If you or someone you know is battling sexual temptation, take these five steps toward GRACE.
This week my wife and I ministered to a group of 115 Russian teenagers at a youth camp in Virginia. Part of our job was to separate the guys and the girls and facilitate honest (and sometimes awkward) discussions about sex, dating and guy/girl relationships. They put their anonymous questions in a black box (“How do I know if she’s the one for me?” or “Is it OK to use condoms?”), and we answered while the kids giggled nervously.
I spoke to the guys on the first night about what I call the Porn Monster, using the description of the adulterous woman in Proverbs 7 as my text. In this passage the writer recounts the sad story of a vulnerable young man who wanders into the wrong part of town where a harlot seduces him. The story concludes with these haunting words: “Do not let your heart turn aside to her ways … for many are the victims she has cast down” (Prov. 7:25-26). read more
It is interesting to me that one of the greatest states in our Union, New York, has recently made legal the marriage of two people of the same sex. There is a lot of sin in the world, and along with God I am against all of it, to include any that may operate within me.
However, when something as profound as this happens in our nation and I barely hear a peep from people who call on the name of the Lord Jesus, that scares me. read more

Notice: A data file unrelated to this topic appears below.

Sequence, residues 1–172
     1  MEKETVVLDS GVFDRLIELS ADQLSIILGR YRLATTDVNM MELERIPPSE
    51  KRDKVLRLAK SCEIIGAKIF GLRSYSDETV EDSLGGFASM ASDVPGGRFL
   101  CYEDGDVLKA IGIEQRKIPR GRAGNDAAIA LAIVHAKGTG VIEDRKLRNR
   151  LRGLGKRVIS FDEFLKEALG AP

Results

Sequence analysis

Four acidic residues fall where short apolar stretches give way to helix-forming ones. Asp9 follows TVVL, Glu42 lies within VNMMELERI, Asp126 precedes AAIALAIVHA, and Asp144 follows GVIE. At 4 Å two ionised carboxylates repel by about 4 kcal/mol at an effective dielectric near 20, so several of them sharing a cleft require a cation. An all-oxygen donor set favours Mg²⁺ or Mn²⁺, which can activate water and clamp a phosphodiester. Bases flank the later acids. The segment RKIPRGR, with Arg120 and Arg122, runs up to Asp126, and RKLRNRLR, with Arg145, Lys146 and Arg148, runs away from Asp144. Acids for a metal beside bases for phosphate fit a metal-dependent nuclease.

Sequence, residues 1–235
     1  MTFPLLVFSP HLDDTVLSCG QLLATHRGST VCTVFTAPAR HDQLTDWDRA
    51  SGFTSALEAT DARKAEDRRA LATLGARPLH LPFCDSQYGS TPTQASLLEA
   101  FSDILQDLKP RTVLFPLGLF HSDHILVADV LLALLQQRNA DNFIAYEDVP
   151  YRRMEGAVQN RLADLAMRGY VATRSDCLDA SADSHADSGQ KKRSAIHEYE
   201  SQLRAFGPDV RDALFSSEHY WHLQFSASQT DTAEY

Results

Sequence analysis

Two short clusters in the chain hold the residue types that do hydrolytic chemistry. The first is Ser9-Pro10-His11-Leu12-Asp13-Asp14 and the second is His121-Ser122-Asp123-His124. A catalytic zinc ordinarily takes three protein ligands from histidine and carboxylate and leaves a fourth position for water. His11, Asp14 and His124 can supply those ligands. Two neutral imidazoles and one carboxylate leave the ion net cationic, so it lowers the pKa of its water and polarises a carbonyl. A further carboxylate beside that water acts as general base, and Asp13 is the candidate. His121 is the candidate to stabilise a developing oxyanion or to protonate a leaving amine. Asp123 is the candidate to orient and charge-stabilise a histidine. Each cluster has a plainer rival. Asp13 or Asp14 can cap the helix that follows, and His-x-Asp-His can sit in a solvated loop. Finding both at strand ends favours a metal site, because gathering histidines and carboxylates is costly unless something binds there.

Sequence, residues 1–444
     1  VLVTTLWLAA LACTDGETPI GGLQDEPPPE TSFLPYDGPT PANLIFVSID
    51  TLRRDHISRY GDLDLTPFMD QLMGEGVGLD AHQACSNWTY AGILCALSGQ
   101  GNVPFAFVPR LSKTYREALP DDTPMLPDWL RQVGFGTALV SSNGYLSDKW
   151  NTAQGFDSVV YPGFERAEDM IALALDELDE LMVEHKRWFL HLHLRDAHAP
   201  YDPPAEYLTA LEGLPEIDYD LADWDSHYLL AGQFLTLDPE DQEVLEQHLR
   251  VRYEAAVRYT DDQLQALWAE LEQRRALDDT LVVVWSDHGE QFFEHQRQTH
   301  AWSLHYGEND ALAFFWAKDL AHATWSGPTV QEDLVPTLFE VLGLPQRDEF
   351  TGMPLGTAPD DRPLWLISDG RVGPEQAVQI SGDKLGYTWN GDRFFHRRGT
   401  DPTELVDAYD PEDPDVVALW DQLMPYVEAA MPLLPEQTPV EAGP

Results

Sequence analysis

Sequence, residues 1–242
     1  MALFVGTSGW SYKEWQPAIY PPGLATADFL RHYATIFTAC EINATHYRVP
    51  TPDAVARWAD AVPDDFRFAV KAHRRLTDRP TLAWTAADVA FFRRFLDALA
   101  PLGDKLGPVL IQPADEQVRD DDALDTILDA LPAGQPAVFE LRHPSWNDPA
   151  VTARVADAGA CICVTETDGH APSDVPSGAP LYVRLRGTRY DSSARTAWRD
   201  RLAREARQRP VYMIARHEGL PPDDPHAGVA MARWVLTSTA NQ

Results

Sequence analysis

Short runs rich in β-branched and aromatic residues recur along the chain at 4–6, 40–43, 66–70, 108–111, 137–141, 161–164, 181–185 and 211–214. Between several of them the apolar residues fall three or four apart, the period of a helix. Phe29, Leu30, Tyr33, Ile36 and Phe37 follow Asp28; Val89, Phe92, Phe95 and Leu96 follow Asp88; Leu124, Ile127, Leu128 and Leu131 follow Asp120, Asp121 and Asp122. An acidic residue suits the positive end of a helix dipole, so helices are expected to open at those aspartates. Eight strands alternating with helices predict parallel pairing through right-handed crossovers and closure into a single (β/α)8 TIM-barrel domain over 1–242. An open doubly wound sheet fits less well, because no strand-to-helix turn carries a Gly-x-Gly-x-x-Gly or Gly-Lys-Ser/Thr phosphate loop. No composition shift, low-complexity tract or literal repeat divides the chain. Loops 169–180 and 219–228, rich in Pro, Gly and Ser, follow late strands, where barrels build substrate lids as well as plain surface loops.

In the aftermath of the devastation of 9-11, coupled with the series of severe and destructive hurricanes, historic Gulf oil spill, wars in the Far East, uprisings in northern Africa and the Middle East, and the devastating earthquake in Japan all happening in just the last few years, one is prone to ask many questions. In times of uncertainty, the “why” question appears in its many forms. But perhaps the question to be asking is not just “Why?” but “How?”
How are we to respond in such times? Difficult times come–whether it is in our own lives, or in a family, church, business, city or even nation. read more
Her “not guilty” verdict made a lot of people mad. But before we vent any more anger we may need an attitude check.
Where were you on July 5 when the Casey Anthony verdict was released? Just before the 2:15 p.m. announcement, I was in a restaurant in Orlando with my family—and our waitress was so anxious to hear the outcome of the trial that she brought up the topic after we ordered our lunch. Not since the 1995 O.J. Simpson trial have Americans invested so much emotional energy in a courtroom drama.